Consumer Watch: Buy cheap and shiver

By Susan Edmunds

Low-powered heaters are a false economy, say the energy experts

Low-wattage heaters end up spiking the power bill, as you need to leave them on longer. Photo / Thinkstock
Low-wattage heaters end up spiking the power bill, as you need to leave them on longer. Photo / Thinkstock

People should not buy low-wattage heaters expecting to save money on heating, experts say. Low-wattage electric panel heaters, such as the heavily-advertised Econo-Heat or Ecosave panel heater, are marketed as cheap options. Many are only 400W, compared to 2kW for a small fan heater.

But Energy Efficiency and Conservation Authority technical adviser Christian Hoerning said a 400W heater would give the heat equivalent of only two to four lightbulbs.

"Most rooms need six or 10 times that," he said.

People often bought low-wattage heaters such as panel heaters thinking they would be cheap to run.

They cost about 9c an hour, against more than 50c for a standard electric heater. But people would generally have them on much longer.

"They use a lot of electricity because they are on even when you're not using the room. People are better to buy a much gruntier electric heater, turn it on to heat up the room and then when they leave the room, turn it off.

That's more economical.

"The bigger heater uses more electricity when you are running it but much less overall."

Consumer recommends convection heaters, such as oil column heaters or fan heaters, for insulated homes because the heat generated is retained long enough to heat the air in the room.

Heat can pool above oil column heaters but Consumer NZ adviser Maggie Edwards suggested using a small fan to distribute the warm air more evenly around the room.

In a recent test, Consumer rated the $140 Kent Mica, available from The Warehouse, best of the radiant convection heaters tested. It was easy to use and heated a room quickly.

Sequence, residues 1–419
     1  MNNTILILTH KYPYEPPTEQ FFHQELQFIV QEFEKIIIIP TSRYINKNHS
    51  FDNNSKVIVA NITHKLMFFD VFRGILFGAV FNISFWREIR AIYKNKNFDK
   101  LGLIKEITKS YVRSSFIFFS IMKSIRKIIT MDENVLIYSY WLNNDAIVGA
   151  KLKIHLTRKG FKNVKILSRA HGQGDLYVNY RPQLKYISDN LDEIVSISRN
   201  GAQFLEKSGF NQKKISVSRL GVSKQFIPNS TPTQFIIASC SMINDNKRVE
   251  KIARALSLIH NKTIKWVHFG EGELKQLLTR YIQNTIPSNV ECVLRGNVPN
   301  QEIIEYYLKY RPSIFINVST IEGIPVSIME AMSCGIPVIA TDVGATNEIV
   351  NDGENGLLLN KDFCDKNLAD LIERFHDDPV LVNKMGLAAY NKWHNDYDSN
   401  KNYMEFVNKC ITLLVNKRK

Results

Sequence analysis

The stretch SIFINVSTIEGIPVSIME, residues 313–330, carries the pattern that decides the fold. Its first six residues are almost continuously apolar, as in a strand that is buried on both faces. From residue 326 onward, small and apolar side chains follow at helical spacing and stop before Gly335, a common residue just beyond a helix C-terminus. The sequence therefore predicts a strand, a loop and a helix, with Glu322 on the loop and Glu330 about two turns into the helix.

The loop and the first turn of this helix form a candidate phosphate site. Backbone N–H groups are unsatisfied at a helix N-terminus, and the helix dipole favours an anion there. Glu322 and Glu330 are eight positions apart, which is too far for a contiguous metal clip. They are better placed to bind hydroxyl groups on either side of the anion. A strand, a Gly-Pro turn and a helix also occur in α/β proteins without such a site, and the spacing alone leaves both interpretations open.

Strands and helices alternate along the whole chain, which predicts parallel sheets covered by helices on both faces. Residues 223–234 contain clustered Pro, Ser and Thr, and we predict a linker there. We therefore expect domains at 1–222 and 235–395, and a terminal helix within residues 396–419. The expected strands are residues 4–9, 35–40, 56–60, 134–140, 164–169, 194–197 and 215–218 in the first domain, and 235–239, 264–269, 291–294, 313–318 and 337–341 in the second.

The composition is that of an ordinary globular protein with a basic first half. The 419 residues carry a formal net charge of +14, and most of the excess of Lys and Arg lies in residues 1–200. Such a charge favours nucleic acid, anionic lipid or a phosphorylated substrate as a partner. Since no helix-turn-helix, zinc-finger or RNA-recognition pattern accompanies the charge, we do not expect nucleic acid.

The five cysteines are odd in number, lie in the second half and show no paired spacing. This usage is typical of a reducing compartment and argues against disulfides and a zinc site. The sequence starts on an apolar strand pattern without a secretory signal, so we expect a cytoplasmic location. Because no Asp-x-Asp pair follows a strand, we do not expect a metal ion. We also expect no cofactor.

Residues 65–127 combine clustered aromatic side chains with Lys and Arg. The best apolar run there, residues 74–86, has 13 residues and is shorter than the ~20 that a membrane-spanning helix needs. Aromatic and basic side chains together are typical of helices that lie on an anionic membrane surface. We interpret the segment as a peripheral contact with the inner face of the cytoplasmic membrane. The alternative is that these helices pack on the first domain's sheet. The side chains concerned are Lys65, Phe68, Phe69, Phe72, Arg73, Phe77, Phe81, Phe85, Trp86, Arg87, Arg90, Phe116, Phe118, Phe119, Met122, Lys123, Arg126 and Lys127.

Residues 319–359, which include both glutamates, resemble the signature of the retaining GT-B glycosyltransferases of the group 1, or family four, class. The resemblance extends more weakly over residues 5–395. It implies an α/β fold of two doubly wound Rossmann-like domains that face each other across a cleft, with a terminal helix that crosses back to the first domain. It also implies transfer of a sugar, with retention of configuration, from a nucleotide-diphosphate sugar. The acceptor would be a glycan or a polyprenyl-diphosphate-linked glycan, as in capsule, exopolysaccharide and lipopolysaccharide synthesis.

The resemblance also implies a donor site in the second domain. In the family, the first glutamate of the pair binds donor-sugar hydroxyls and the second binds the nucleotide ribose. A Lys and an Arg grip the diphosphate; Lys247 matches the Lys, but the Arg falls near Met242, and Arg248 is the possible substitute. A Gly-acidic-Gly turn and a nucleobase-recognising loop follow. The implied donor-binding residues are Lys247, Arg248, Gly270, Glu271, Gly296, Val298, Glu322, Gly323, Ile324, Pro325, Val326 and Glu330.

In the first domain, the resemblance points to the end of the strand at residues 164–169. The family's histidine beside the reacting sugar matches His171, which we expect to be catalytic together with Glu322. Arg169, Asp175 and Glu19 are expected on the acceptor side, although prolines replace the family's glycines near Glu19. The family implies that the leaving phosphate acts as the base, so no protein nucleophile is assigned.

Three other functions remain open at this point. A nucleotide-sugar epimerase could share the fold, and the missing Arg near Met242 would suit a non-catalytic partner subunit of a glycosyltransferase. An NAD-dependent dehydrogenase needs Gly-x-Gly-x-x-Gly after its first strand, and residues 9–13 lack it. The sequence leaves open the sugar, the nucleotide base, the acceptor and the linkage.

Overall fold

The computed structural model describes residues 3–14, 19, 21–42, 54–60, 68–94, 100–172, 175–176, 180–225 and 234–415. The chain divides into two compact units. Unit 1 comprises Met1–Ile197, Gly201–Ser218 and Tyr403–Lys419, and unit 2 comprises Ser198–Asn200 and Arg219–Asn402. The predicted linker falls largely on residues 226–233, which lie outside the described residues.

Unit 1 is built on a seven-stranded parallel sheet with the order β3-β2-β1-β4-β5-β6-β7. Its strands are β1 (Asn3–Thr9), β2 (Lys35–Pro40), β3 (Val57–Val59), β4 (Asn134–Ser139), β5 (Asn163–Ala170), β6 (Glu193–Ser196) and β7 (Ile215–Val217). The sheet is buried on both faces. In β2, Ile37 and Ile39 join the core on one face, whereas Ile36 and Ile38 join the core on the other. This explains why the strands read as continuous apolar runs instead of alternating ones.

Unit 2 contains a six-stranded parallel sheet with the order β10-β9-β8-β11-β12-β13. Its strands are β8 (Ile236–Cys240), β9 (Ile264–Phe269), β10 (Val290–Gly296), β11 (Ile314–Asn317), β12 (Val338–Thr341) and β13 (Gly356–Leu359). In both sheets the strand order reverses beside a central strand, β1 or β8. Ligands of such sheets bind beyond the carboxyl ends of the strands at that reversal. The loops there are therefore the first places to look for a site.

Edwards said that in poorly insulated older houses with high ceilings, radiant heaters, which have elements that shine heat on an area, were likely to be more effective as the heat was felt more directly.

Consumer conducted a test comparing a 400W flat-panel heater, a dehumidifier and a 2,300W thermostatically controlled oil-column heater in a well-insulated bedroom. The World Health Organisation says bedrooms should not be colder than 16°C.

The oil heater took less than an hour to heat the room from 8°C to 16°C, and maintained it at that temperature for another hour. It cost 45c to run for two hours.

The dehumidifier raised the temperature quickly, but tailed off, giving a final temperature of 11.6°C after two hours. The dehumidifier used 11c of electricity.

The flat-panel heater slowly raised the temperature to 12.2°C after two hours and cost 19c.

Econo-Heat director Mark Shepherd said most of his customers understood panel heaters should be used to take the chill off a room. The firm sold about 40,000 heaters a year.

He said a 400W panel heater would keep an insulated shed 4°C or 5°C warmer than the outside air. A bedroom could be up to 10°C warmer with a panel heater than it would have been. But people who tried to heat one bedroom would have problems with internal heat loss.


Which heater where?

First thing in the morning, while the kids are having breakfast: You need to heat the air quickly. A fan heater is probably best.

At home during the day, for background heat: A panel or oil column heater with thermostat will keep the temperature at a comfortable level

When you've been out all day and are coming home to a cold house: A radiant heater will offer the option of a lower setting and no fan noise.

At night in a baby's room: Choose an oil column heater with a thermostat.

- Herald on Sunday

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